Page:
February 14,2008

Baucus Applauds Finance Provisions In Housing Bill

Finance panel crafted measures to shore up shaky loans, help first-time homebuyers, provide tax relief to businesses losing money in economic dowturn

Washington, DC – Senate Finance Committee Chairman Max Baucus (D-Mont.) today
applauded the inclusion in a new housing bill of mortgage and tax relief provisions
crafted by the Finance panel earlier this month. The Foreclosure Prevention Act of
2008, introduced last night by Majority Leader Harry Reid (D-Nev.), contains an
extension of the “net operating loss carryback” law, which will allow struggling
businesses – including America’s homebuilders – to write off current losses over a longer period of years and recoup more cash to stay afloat now. The Finance Committee
included that provision, as well as a measure providing $10 billion in mortgage revenue
bonds, in the comprehensive economic stimulus bill the panel approved on January 30.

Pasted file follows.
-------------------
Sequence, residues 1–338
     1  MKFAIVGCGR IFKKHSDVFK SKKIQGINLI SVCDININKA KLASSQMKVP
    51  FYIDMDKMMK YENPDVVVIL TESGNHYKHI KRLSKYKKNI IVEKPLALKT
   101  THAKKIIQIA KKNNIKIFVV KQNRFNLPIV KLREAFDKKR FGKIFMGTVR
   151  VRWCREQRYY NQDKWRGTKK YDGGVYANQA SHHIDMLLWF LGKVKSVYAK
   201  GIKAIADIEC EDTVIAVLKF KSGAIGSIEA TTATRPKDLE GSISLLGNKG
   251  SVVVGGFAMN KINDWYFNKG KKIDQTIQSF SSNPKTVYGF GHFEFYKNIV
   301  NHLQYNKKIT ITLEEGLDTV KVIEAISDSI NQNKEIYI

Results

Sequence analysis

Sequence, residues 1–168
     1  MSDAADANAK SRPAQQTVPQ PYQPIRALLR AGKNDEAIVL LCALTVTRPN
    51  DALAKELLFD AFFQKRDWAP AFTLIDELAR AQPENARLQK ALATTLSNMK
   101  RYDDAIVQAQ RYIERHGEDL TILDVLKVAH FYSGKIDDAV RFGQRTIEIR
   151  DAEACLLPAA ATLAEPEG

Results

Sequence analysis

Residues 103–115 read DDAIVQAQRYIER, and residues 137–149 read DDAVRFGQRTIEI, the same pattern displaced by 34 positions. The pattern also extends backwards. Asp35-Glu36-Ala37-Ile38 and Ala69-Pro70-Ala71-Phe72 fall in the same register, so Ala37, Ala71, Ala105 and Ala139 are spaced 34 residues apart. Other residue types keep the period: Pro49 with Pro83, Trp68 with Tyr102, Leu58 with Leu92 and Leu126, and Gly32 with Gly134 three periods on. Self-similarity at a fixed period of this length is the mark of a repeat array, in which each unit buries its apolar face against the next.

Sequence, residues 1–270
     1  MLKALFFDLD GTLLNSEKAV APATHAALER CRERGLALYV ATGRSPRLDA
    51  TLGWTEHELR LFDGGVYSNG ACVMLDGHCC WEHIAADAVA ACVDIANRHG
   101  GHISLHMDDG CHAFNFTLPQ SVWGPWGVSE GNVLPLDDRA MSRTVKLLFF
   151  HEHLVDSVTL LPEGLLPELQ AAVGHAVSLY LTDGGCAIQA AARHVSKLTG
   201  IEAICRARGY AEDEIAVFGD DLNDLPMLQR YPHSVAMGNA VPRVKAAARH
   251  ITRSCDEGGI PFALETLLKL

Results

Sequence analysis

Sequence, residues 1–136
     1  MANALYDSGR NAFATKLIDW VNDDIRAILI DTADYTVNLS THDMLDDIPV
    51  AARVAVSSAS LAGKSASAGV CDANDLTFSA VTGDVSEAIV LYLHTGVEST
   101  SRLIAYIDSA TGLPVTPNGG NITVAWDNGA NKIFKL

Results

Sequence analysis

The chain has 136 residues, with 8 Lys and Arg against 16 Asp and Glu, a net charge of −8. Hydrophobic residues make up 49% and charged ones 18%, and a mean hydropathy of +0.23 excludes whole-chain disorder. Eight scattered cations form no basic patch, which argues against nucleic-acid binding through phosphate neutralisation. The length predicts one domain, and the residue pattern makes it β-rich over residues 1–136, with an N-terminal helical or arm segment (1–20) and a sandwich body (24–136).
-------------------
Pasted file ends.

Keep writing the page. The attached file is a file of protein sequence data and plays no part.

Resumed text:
The mortgage bonds will help housing finance agencies to refinance subprime loans and
to provide more housing options for homebuyers and renters.

“The Finance Committee crafted several important provisions to help America’s
sagging housing sector, and it’s right for the Senate’s new housing bill to build on
that good work,”
Baucus said. “The economic slowdown is draining the housing
sector dry, and the Finance Committee’s tax provision can pump a little liquidity
back into those businesses’ bottom lines. Likewise, the mortgage revenue bonds in
the Finance stimulus bill can boost home financing safely and effectively. Congress
needs to enact these and other smart provisions to shore up the housing sector now.”

For companies losing money in this economic downturn, the Finance Committee
approved a provision allowing corporations to apply excess net operating losses to tax
returns from prior profitable years and receive any applicable refunds. For 2006, 2007,
and 2008 losses, the “net operating loss carryback” will be extended to five years from
the two years currently in law.

The committee also approved a provision providing additional $10 billion of tax-exempt
private activity bond authority to be used to refinance subprime loans, provide mortgages
for first-time homebuyers, and for multifamily rental housing. The measure also exempts
interest earned on the bonds from the alternative minimum tax.

The Senate is expected to consider the Foreclosure Prevention Act of 2008, including
these provisions, following the February home state work period.

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